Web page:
Not that I’m aware of. As a new writer, creative nonfiction is the only genre I’ve undertaken to date. I would imagine the only difference is the “nonfiction” aspect. Writers must stick to the facts, tell their truth, but then not unlike fiction and poetry, the creative aspect is what will make the piece remarkable. The only thing I would encourage contestants to consider is how their story will stand out. Many stories can be told about the same topic, the same truth, but how the story unfolds, the surprises it brings, the twists and turns is what will make it extraordinary. Don’t simply write about “what happened.” As with poetry and fiction, make use of creative techniques.


The recognition has given me a measure of confidence. Writing is such an isolating experience. Like most writers, I am driven to write. The story pulls me along, it insists on being told. But for the most part, there is very little feedback or acknowledgement with respect to being on track, or of having something of interest to offer. I often feel like I write in a vacuum, secluding myself for hours and sometimes days on end. Receiving recognition is a reminder that the decision to write was not entirely foolhardy.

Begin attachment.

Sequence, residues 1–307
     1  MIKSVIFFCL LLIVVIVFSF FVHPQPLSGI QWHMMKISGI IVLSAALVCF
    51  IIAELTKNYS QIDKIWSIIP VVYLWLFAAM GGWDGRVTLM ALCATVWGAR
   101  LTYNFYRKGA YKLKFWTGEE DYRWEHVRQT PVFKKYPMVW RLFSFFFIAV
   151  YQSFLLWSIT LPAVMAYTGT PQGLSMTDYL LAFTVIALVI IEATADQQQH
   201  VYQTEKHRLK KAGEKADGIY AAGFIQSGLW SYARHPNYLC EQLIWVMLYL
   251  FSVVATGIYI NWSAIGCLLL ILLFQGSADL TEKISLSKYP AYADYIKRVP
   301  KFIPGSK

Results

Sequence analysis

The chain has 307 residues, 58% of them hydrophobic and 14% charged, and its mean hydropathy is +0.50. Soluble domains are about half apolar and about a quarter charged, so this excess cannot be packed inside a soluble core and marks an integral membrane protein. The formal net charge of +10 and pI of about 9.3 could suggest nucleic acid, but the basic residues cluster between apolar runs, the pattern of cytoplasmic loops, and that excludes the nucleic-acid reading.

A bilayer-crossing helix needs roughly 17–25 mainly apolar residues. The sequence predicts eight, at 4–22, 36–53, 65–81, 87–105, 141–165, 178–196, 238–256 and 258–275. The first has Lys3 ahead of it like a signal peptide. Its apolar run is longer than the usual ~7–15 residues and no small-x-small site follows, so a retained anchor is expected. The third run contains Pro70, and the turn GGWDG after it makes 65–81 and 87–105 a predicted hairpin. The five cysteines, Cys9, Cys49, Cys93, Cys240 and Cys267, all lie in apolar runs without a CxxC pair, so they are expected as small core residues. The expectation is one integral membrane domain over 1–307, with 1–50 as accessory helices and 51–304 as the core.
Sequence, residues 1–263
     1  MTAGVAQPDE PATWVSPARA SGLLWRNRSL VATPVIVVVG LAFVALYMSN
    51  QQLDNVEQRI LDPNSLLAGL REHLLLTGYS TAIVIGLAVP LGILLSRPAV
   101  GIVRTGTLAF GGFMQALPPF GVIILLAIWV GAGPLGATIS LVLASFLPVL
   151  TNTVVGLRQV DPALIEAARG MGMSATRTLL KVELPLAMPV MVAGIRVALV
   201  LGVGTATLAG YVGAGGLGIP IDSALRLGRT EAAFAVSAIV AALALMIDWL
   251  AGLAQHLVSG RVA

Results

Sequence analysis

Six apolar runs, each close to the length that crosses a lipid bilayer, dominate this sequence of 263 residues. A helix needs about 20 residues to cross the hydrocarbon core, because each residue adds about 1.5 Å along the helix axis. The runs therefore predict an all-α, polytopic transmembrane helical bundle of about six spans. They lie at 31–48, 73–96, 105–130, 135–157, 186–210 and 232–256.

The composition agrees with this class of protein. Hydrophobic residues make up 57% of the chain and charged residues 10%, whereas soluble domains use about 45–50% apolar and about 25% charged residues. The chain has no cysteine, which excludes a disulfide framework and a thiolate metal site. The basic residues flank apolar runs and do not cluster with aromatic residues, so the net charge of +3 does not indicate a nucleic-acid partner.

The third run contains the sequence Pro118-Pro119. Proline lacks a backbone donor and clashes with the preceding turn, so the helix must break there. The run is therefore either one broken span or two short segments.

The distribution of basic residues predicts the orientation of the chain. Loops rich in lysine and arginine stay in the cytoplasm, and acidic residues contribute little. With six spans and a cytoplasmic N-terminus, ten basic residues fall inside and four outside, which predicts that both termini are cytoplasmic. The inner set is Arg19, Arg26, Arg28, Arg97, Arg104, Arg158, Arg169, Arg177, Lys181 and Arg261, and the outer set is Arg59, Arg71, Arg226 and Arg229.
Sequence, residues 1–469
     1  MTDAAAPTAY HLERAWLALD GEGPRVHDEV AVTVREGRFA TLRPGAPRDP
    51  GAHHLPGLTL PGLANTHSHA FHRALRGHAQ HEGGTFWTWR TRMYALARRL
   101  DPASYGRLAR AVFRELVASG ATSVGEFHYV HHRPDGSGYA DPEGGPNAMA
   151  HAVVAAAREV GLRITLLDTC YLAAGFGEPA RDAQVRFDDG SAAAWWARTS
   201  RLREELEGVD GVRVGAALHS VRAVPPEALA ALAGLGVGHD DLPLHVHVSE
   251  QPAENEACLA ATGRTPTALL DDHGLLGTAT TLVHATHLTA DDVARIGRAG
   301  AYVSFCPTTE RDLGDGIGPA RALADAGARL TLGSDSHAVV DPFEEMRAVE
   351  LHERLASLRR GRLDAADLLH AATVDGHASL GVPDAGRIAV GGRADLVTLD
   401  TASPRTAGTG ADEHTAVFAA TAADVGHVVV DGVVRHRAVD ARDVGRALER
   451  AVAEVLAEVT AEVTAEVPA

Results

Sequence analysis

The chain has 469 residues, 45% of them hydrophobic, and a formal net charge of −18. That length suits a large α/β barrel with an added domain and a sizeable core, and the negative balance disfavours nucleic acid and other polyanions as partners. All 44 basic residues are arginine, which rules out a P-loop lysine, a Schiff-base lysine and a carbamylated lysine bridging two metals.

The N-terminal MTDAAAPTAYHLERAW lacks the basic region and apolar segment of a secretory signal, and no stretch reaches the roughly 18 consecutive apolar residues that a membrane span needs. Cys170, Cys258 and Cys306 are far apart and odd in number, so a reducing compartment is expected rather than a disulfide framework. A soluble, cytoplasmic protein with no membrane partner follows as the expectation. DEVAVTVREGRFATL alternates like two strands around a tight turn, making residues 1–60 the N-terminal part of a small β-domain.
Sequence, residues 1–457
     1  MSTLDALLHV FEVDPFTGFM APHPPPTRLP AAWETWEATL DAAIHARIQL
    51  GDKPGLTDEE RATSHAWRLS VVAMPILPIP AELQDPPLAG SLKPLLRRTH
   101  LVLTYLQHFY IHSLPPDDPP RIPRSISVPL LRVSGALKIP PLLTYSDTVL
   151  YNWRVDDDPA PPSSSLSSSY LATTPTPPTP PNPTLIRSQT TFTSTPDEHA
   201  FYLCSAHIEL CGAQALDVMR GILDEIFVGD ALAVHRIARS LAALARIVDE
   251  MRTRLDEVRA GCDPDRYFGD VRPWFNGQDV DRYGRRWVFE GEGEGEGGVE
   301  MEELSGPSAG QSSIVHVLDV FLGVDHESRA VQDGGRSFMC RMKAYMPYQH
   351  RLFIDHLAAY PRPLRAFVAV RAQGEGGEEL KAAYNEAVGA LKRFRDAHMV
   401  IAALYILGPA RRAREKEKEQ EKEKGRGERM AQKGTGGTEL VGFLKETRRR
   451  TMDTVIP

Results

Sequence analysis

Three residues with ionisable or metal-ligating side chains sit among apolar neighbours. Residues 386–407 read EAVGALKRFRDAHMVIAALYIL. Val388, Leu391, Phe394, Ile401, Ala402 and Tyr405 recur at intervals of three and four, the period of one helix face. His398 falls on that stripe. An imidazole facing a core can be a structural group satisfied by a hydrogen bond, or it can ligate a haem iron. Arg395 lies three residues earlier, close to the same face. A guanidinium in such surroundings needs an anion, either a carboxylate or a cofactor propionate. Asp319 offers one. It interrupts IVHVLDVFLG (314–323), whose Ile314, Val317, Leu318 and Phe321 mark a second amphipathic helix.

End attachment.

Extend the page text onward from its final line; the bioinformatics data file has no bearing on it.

As for how this acknowledgement has contributed to my career, time will tell. For me, these are still early days. What it has given me is additional motivation to continue writing. There is no turning back now.


There are so many, but I will mention the two I refer to most often. Medium is a valuable online writing website, as it offers everything from good literature to constructive writing instruction. Additionally, Medium is a website that allows authors to publish their own work – both previously published and unpublished, allowing for a wider audience. After my winning story with CNFC was published in carte blanche, I had it published on the Medium website.

The other website I often visit is Narrative. I love Narrative because it has so much to offer, in terms of good literature: fiction, poetry, nonfiction by new and upcoming authors as well as those long established. Aside from current issues, their archives are impressive, as are author interviews and stories of the week. Without fail the work is outstanding and provides excellent reading for a writer keen to learn.


Take the plunge. It is very good practice. I cannot tell you how many contests I’ve applied to, submitted my work. I think I made a friend of rejection, especially after I’d heard that Gertrude Stein submitted poems for 22 years before she ever had one accepted. That was an eye opener.